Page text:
Gadhafi next traveled to Washington, where he met with defense contractors, including representatives of Northrop Grumman. A spokesman for the company, Randy Belote, confirmed that the meetings took place. But, citing company policy, he would not comment on them.
National War College spokesman Dave Thomas said Khamis Gadhafi visited there accompanied by a State Department representative, meeting with faculty and deans. Tactics were not discussed, though the "structure of military education" was, Thomas said.
On February 16, a day after unrest erupted in his country, Gadhafi traveled to New York for more meetings and meals with business leaders.
New York Stock Exchange spokesman Richard Adamonis confirmed that Gadhafi visited the exchange as part of a group on February 17. "Neither he nor the group in question were part of a bell ring, simply a basic tour of the trading floor for the group," Adamonis said.
But later that day, he cut short his internship -- missing out on a planned tour of West Point, his choice of the Broadway shows "Mamma Mia" or "Jersey Boys" and a final leg to Boston for meetings with professors at Harvard University.
Instead, he returned to Libya to lead the 32nd Reinforced Brigade against rebel forces.
On Tuesday, State Department spokesman Mark Toner said the department had not approved any of the meetings. "There was nothing, in fact, for the State Department to sign off on," he told reporters. "This was a private i nternship. We were aware of his itinerary, but that was the extent of it. And our role was limited to meeting him upon his arrival at the airport, which is not unusual in these kinds of situations."
Paul Gennaro, the senior vice president and chief communications officer for AECOM, issued a statement saying, "The educational internship, which consisted of publicly available information, was aligned with our efforts to improve quality of life, specifically in Libya, where we were advancing public infrastructure such as access to clean water; quality housing; safe and efficient roads and bridges; reliable and affordable energy; and related projects that create jobs and opportunity."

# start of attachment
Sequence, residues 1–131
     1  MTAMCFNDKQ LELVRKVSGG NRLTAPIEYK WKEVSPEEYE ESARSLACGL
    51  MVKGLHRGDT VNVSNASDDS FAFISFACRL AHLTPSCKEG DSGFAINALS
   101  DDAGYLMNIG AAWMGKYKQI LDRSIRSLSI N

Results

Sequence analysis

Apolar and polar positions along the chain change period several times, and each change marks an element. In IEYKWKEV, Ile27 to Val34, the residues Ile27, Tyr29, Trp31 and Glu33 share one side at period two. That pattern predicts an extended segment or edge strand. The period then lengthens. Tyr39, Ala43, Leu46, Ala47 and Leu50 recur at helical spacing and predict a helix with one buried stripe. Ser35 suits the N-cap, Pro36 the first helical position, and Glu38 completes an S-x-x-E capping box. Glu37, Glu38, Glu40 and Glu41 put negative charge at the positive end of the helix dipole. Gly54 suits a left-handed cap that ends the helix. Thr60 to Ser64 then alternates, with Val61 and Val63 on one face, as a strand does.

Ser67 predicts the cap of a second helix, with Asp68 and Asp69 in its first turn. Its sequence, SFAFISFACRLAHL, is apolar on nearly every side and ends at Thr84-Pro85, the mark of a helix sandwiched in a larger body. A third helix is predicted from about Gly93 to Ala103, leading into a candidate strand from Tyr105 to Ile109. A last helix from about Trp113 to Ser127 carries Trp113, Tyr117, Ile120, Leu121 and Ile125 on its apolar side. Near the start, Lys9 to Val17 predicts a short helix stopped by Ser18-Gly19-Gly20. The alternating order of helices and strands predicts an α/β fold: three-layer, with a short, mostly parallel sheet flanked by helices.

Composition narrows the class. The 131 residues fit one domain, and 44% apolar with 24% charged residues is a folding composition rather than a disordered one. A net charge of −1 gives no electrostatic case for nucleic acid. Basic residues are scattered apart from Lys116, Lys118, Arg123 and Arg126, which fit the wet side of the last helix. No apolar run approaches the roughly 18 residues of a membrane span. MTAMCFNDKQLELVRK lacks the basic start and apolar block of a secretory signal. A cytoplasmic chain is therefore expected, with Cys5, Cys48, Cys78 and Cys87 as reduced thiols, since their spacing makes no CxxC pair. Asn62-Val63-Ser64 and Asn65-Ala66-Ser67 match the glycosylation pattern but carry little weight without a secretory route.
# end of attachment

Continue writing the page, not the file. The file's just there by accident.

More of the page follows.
Gennaro said the company was "shocked and outraged" to learn of the young Libyan's role in his country's crisis. "We were aware of the student's family relationship, but we were not informed of any military connection whatsoever," he said.
It was the company's understanding that Khamis was an MBA student from a university in Spain, he said.
Since 2008, AECOM has been involved in a multibillion-dollar initiative with Libya to modernize the country's infrastructure. The company withdrew its expatriate employees and their families from Libya this month. The joint project to train Libyan engineers to build and maintain homes, roads and water systems is on hold, he said.
Vice Adm. William Gortney of the Joint Staff on Monday described the brigade led by Khamis Gadhafi as "one of the most active in terms of attacking innocent people."
Libya's state TV on Monday night broadcast live footage from Gadhafi's Tripoli compound of the former intern dressed in uniform and greeting people.
The world events soon changed Chopra's mind about visiting his former student in Libya. "I believe he is killing people. I mean, it's bizarre. The whole thing is bizarre. After attending a course on consciousness, he goes and leads troops."
He added, "Why was he in my course? I have no idea."
CNN's Pam Benson and Brian Todd contributed to this story